It’s a beautiful morning and the local population has turned out to shop and catch up on the local news. The market is small compared to what I am accustomed to, but with a good variety of very friendly vendors, and music for those of us who are willing to stop for a while and enjoy it.

Keeping in mind I wanted something I could take and have for lunch later, I purchased some lovely snap peas from Sky Hoyt. He says he grows these in a green house because it’s just too cold to grow them outside. The one I tasted was crisp and sweet.

Yerba Santa Goat Dairy had some tasty fresh herb chèvre  and I thought that it would taste pretty nice with the peas so into my basket it went. So peas and cheese, what else?

That’s when I found the most incredible loaf of savory bread I have ever tasted.  It’s called GREAT Bread and is made from organic winter wheat flour, whole wheat flour, sundried tomatoes, eggplant, roasted garlic, fresh rosemary, and asiago and parmesan cheeses. I know now why the named it GREAT,  I’m still dreaming about it weeks later. The leftovers made incredible toast.

Farmers Market exploration complete I headed back down the road to Kelseyville in search of the Main Street Bakery, the vendor I bought the bread from, and to see what the little town of Kelseyville was all about.

Next up: Kelseyville and the marsh.

A Great Interactive Site For Finding Information on California Markets, Farms, and Agricultural Events

I just found this great website called, California Agricultural Almanac,  that has all kinds of information about vegetable, fruit and nut specialty crops in California. Using interactive maps and data you can check out where to find locally grown produce, farms, farm markets and agricultural events. Give it a try for the area you live in or for the area of California that you might be visiting. As much as I love finding off the beaten path places, I can see where this is going to come in handy. This site is definitely getting bookmarked.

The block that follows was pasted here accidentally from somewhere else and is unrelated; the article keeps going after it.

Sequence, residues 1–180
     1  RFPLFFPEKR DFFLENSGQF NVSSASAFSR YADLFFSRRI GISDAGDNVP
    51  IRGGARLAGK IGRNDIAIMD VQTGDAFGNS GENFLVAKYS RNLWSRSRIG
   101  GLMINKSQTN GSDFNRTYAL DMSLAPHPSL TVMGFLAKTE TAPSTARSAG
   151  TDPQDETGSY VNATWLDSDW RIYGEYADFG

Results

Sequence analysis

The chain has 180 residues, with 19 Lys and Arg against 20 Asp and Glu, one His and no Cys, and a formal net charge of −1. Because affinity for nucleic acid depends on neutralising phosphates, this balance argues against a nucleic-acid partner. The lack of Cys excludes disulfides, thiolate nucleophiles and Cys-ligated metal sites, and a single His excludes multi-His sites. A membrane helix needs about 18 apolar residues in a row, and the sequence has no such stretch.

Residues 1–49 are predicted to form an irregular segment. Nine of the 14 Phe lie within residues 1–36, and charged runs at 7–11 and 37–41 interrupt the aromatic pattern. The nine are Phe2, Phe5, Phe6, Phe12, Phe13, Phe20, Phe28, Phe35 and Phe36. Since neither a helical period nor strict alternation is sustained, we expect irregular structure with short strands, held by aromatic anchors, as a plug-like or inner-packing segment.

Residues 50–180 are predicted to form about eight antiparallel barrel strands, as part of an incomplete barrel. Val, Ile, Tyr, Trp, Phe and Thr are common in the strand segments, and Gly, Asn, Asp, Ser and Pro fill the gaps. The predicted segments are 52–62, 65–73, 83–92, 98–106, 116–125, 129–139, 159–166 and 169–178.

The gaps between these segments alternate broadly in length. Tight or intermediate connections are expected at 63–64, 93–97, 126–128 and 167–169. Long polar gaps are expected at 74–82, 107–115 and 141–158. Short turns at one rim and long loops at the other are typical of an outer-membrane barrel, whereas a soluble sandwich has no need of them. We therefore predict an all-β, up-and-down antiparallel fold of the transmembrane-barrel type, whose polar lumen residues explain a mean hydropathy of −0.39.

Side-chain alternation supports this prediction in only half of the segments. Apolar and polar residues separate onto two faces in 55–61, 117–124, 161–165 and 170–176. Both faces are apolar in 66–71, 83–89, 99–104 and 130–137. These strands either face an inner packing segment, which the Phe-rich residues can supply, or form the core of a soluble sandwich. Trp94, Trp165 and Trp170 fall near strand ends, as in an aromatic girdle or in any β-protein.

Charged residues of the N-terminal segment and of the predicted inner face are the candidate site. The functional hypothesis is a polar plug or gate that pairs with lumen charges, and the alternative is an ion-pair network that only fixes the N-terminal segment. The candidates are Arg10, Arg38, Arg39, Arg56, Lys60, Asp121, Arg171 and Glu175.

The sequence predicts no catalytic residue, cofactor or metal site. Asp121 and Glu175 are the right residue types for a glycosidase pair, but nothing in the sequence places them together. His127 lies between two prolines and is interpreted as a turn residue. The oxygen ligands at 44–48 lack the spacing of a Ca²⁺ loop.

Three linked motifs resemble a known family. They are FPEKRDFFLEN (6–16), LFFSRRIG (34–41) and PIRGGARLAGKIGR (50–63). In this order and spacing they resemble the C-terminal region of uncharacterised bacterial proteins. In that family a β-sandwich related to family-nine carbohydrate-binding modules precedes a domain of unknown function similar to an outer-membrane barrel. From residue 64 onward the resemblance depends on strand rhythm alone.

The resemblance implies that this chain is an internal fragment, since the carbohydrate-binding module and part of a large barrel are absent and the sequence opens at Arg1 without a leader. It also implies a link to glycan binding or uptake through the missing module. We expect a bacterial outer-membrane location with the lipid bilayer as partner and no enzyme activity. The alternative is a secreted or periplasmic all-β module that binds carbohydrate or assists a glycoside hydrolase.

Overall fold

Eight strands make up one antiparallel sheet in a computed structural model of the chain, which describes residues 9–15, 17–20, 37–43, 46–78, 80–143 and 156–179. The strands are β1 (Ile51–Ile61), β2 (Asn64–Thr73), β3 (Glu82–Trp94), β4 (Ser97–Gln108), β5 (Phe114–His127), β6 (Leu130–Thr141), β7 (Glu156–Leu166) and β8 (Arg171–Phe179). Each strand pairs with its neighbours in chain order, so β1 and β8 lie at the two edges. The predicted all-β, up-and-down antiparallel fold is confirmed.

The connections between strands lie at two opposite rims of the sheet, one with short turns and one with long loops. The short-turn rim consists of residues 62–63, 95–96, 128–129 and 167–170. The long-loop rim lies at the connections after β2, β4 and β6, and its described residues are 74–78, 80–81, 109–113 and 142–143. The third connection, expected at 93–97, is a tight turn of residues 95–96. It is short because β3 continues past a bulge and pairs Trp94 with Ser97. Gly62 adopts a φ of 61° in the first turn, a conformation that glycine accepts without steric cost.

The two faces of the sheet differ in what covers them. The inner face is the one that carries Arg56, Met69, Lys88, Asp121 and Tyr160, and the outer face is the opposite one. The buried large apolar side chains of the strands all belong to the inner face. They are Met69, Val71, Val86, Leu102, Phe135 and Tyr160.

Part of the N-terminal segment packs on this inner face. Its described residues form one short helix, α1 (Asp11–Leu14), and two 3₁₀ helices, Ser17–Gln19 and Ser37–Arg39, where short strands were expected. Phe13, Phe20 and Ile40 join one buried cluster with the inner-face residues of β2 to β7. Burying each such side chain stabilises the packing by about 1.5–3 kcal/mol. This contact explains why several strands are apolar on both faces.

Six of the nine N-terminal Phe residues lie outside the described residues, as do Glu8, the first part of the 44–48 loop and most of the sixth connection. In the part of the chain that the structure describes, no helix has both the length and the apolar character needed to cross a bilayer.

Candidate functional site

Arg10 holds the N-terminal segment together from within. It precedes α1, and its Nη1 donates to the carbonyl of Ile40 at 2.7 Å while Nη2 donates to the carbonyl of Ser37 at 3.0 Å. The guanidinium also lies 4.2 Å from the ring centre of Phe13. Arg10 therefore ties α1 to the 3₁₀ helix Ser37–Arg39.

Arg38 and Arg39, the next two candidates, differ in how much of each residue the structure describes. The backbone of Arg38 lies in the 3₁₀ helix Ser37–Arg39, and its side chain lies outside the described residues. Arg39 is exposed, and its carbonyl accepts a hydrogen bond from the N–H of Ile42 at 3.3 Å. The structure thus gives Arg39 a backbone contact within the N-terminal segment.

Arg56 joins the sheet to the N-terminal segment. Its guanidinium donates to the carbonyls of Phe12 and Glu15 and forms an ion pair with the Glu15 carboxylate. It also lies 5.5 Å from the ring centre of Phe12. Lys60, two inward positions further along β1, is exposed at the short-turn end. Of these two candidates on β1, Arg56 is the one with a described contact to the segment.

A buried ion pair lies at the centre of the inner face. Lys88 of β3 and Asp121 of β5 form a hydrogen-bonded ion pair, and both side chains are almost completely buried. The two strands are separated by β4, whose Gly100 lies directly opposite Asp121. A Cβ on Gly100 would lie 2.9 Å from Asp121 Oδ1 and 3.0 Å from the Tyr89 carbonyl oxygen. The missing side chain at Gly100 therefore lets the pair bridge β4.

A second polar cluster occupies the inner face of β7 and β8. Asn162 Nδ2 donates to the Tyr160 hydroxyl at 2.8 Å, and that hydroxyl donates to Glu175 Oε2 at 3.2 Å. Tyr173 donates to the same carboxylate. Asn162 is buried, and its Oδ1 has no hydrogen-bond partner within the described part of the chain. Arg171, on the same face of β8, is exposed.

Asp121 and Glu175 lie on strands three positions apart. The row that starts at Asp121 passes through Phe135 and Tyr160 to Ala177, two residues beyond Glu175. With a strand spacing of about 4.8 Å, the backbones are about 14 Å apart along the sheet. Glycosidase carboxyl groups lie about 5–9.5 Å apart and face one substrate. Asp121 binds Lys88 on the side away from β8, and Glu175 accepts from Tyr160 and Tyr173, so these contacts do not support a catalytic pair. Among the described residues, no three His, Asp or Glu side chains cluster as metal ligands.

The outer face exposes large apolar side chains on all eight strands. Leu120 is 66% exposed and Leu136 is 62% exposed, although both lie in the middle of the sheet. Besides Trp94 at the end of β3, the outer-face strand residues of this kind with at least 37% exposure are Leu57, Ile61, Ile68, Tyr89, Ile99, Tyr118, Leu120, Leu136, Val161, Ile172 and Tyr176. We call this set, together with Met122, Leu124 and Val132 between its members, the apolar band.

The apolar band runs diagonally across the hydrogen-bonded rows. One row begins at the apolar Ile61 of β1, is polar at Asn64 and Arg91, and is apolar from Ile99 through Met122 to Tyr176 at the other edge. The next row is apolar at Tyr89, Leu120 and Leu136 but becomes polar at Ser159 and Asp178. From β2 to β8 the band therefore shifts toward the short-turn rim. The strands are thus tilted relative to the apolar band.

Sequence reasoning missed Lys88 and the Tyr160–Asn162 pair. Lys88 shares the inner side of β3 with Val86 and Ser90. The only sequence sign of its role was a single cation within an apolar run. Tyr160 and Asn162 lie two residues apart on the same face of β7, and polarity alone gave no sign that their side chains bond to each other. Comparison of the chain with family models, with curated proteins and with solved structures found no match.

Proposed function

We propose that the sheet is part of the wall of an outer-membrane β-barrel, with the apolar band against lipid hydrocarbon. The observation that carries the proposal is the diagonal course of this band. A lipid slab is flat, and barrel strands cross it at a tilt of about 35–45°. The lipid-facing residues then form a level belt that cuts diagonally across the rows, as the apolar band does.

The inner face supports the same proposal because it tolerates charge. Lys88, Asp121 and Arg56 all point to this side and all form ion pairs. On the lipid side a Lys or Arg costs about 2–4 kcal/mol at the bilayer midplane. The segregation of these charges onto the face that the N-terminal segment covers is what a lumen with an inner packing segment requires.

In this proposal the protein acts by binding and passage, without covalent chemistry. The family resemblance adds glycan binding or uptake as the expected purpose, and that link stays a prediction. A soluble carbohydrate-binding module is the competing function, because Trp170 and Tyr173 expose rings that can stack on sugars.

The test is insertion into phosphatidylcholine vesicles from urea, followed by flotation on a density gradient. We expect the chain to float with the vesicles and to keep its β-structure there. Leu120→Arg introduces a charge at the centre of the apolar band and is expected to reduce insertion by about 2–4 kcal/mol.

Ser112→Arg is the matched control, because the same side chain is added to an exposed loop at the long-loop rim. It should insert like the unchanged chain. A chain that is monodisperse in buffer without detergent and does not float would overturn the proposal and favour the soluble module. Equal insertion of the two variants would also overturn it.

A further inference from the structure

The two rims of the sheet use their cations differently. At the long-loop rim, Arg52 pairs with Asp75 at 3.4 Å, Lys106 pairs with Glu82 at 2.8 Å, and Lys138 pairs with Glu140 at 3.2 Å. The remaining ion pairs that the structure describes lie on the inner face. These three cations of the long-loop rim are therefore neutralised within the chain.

A One of a Kind California Farmers’ Market

While on vacation at Packer Lake in Sierra County I learned about a farmers market that is touted as the only “on-farm” farmers market in the state of California. Locals call it the The Romano’s Farmers Market, aka Sierra Valley Farms Farmers Market . It is not large, it hosts only 10 – 12 hand-selected vendors. It typically opens the first Friday in June and continues for 15 weeks until the second Friday in September. We were in luck it was only the first Friday in September when my sister, Gwen, and I decided to leave the solitude of Packer Lake and travel over to Sierra Valley and see what all the talk was about.

The farm sits on the northern part of Sierra Valley. This valley sits at approximately 4850 feet and is surrounded by mountains ranging in elevation from 6 to 8000 feet.  The former lakebed covers 120,000 acres and receives an annual rainfall of less than twenty inches, most falling as snow. It is what I call high desert, filled with grassland, sagebrush and extensive freshwater marshes that drain into the middle fork of the Feather River. It is an important area for migratory bird species that stop over in the fall and nest there in the spring.